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December 07

Is It Time to Get Rid of the Desk Phone? Yes, and probably soon.

It’s been a fixture on the desktops in offices around the world for decades. For generations of workers, the landline desk phone was the way to communicate with colleagues and customers, partners, vendors, family and friends from the workplace. It even evolved over the years—adding so many features and capabilities that making actual calls is just a part of what many desk phones can do—while continuing to occupy prime real estate on the desktop.

But that’s all changing. The cell phone has made sure of it. Since Apple first introduced the iPhone 10 years ago, the smartphone has become an indispensable device, rarely far from the user and used not only for calls, but for texting, chatting, accessing the internet, downloading apps and any number of other tasks. Its popularity has spread quickly from consumers and into the office, forcing businesses to adopt bring-your-own-device (BYOD) policies.

As more employees bring their smartphones, tablets and other mobile devices into the workplace, it begs the question: Is it time to cut the cord and eliminate desk phones from the office?

Most people are already going wireless at home

The move away from landline phones is already happening. According to a study by the U.S. Department of Health released in September, 50.8 percent of U.S. households are completely wireless when it comes to phone service. Another 39.4 percent had both landline and wireless service. In addition, while 50.5 percent of U.S. adults had only wireless service, that number was 60.7 percent for children.

Businesses will want to pay attention of that last number, because those kids who are growing up in a completely wireless world will be hitting the workforce in only a few years, and they will be coming in with a 100 percent wireless view of the world. Businesses are seeing that now. In a recent survey of 1,000 office workers that Zinwave conducted this year, we found that in the workplace, cell phones have surpassed landline-based desk phones in the list of preferred communications tools, ranking behind only email.

And while cell phone use at work is growing among most generations of employees, it’s rising fastest among Millennials and younger workers, who make up an increasingly larger proportion of the workforce. In the survey, more than 46 percent of Millennials said they are using their cell phones now much more than they were even a year ago. In the coming years, as Millennials and the generation behind them account for a larger percentage of U.S. workers, the use of smartphones and other mobile devices will only grow.

Some companies already realize that desk phones don’t make sense

As all this happens, company executives will need to consider how long they want to keep desk phones in their offices. They’re an expensive tool that look to be used less and less in the near future. Already some companies have broken ties. KPMG has taken away the landline phones from the desks of its more than 5,000 workers in Canada. Even smaller companies, like Civis Analytics in Chicago, understand that their growing numbers of Millennial workers prefer mobile phones and other communication tools over desk phones.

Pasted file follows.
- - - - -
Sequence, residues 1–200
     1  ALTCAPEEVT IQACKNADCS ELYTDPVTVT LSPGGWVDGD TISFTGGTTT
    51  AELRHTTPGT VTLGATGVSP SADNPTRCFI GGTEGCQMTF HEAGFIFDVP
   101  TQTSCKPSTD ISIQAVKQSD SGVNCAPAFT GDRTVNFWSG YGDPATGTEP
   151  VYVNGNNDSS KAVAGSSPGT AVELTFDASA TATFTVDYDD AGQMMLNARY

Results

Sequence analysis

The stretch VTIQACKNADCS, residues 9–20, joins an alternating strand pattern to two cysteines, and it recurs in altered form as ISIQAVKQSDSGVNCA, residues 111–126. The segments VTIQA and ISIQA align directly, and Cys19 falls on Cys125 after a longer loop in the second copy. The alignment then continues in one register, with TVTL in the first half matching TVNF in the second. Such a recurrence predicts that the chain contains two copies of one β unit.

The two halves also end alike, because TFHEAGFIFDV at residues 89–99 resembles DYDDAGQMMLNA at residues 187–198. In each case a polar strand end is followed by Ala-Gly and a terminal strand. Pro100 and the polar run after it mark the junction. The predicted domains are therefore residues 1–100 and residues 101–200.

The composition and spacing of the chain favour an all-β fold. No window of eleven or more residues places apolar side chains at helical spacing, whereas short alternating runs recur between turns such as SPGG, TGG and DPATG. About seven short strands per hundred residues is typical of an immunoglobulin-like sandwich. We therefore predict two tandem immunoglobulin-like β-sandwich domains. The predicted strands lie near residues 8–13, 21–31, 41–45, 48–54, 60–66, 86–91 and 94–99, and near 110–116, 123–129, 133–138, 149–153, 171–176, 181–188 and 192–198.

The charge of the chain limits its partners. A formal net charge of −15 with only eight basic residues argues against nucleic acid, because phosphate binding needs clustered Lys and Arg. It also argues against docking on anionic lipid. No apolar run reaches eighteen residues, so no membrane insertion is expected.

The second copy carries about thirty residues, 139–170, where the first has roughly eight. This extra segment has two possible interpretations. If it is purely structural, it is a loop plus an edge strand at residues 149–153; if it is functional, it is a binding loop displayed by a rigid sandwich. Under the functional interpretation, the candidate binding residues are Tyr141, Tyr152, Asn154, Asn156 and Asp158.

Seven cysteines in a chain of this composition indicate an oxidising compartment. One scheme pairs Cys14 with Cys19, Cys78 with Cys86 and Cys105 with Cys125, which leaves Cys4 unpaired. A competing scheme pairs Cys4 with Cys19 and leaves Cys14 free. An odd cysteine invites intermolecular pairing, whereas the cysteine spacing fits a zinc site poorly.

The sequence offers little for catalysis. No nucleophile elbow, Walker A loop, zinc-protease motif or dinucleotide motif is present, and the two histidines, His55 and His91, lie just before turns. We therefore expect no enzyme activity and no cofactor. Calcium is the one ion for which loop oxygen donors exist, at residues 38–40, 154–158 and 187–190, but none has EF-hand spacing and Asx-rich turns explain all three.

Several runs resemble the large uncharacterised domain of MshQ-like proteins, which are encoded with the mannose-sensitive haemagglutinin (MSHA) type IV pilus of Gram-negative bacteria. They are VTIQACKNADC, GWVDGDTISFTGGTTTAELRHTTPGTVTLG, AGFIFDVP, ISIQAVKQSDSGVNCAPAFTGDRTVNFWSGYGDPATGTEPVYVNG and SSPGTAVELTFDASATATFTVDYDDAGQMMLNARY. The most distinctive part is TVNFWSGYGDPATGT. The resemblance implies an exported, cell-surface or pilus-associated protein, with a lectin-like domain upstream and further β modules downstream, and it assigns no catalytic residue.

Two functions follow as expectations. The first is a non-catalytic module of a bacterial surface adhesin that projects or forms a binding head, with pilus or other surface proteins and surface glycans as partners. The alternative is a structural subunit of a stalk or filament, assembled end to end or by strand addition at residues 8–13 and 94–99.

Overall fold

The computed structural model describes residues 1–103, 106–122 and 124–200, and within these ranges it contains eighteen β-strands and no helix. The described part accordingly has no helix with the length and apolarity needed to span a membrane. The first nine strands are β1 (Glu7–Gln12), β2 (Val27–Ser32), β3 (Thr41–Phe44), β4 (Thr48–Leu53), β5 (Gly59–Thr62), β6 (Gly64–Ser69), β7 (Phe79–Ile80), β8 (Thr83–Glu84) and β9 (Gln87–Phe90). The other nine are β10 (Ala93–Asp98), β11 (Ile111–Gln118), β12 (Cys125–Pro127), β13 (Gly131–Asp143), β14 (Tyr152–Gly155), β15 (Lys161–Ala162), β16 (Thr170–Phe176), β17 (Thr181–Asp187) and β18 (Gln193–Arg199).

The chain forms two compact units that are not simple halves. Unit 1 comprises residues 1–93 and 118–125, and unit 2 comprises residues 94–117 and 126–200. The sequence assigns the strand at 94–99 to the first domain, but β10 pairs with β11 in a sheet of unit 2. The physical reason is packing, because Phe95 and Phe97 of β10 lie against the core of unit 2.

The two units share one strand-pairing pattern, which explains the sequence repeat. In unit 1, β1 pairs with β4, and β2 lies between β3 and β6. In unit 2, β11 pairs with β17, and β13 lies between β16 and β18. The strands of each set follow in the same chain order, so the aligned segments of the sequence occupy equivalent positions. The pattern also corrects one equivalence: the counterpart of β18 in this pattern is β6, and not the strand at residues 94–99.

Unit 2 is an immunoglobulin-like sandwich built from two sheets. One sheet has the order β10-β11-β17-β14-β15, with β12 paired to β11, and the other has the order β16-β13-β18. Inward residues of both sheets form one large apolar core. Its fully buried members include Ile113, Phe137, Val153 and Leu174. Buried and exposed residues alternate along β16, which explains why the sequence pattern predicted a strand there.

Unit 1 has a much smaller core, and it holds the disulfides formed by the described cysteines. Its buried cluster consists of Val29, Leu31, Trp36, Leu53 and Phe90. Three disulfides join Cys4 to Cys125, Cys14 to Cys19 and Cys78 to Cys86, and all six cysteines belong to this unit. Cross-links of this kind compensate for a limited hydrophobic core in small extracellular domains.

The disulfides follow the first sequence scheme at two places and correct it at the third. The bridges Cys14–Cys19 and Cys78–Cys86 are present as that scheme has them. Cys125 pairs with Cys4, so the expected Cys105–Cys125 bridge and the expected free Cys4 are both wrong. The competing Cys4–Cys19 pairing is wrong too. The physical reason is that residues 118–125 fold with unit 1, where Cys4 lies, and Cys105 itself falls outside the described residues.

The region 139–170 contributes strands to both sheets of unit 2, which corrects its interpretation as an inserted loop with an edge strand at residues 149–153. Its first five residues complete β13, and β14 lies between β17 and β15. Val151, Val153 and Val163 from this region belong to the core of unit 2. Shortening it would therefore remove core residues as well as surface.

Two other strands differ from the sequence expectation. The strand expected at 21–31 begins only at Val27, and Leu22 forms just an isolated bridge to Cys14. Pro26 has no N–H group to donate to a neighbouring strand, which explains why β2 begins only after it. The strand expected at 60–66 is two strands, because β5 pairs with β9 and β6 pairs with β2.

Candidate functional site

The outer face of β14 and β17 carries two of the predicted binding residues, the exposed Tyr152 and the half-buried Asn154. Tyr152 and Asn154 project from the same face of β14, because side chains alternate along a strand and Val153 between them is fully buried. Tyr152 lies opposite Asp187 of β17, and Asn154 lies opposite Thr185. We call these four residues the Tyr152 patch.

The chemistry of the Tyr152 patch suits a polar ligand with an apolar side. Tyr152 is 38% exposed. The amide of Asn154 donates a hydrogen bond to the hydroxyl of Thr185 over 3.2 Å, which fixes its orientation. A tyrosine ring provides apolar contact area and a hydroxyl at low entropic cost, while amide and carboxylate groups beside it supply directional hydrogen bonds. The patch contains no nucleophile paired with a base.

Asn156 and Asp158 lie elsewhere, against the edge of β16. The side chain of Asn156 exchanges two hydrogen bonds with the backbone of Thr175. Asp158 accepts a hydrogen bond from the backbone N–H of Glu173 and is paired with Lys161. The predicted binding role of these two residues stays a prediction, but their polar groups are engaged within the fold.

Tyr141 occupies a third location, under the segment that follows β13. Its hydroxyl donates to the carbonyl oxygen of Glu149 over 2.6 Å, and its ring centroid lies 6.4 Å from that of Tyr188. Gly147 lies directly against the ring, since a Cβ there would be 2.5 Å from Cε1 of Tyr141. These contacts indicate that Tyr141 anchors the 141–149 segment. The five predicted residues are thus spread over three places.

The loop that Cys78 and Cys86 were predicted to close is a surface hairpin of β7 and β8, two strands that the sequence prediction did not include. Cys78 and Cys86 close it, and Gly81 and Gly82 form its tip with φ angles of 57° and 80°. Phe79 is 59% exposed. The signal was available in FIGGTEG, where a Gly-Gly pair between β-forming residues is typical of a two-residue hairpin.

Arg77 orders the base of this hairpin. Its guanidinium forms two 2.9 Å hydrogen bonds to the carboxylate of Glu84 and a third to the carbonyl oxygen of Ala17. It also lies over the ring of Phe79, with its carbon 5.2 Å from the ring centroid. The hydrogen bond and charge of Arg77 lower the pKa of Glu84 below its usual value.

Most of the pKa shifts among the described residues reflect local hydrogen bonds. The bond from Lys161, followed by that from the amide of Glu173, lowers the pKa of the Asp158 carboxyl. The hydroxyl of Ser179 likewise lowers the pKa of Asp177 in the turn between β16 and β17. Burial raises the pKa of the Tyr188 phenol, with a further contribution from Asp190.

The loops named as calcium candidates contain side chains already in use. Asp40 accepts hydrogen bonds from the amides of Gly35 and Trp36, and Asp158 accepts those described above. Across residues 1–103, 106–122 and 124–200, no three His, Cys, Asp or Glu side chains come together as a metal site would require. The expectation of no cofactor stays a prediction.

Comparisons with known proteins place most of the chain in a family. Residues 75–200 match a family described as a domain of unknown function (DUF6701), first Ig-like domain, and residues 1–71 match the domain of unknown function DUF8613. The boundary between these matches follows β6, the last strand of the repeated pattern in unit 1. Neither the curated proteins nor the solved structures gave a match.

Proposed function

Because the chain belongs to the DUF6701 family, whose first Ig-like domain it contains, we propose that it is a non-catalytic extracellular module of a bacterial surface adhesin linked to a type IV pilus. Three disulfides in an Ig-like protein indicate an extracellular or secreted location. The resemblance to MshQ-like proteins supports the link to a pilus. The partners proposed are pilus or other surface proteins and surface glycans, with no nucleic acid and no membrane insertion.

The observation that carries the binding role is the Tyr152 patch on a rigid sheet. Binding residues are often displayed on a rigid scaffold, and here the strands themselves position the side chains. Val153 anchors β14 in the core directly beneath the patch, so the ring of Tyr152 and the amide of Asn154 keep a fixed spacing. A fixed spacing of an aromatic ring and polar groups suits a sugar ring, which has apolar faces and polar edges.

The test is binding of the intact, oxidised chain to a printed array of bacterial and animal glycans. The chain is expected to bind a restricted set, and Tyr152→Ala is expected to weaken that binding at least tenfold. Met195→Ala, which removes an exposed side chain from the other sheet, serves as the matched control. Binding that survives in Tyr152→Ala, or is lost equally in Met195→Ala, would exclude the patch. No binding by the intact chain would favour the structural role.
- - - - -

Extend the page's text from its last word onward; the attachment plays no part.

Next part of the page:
As this migration away from landlines accelerates, it puts a greater emphasis on the need for reliable cellular connectivity in the workplace. Workers increasingly expect the same level of connectivity at work as they see in their personal lives, and the issue becomes one of not only ensuring high employee productivity but also making sure that the company can keep and attract talented workers.

Switching to cell phones requires providing reliable indoor cellular connectivity

So what should a company look for? A distributed antenna system (DAS) is the best option for ensuring a strong cellular signal throughout the building. However, not all DAS solutions are the same. There are a number of key features in a DAS system that companies should consider, maybe the most important is that their DAS is a multi-carrier solution.

Most companies have already abandoned the company-wide cellular contracts. They are opting for the BYOD policy that allows employees to use their own devices, and that requires supporting the cellular signal of all the major carriers and a DAS solution that supports all the those frequencies out of the box.

While all DAS providers will tell you that they can support the signals of all carriers, what they won’t tell you is that supporting the signals of each carrier will require an individual hardware investment. But with a solution that supports not only all the major carriers but also frequencies used by first responders in place from day one, a user can add another carrier or frequencies without having to buy additional hardware. At most there will be some engineering tweaks.

As we’ve outlined here, the way we are communicating is rapidly changing. It’s become a mobile world, and the cell phone is replacing the desk phone as the preferred communication tool in the office. But while the DAS solution you choose must be able to deliver reliable connectivity for those mobile devices, it also must support what’s on the horizon, such as the Internet of Things and machine-to-machine communications that will continue to grow in importance. The right DAS solution will be ready for what is coming in the future.

Mobile devices are becoming the way communication in the workplace is done. Given that, companies are going to be faced with the question of when to finally let go of the desk phone. As that decision is made, companies also will want to make sure they have the right solution in place to ensure reliable cellular connectivity throughout the workplace.  

Learn more about how our communication preferences are shifting in our 2017 Workplace Connectivity Survey.



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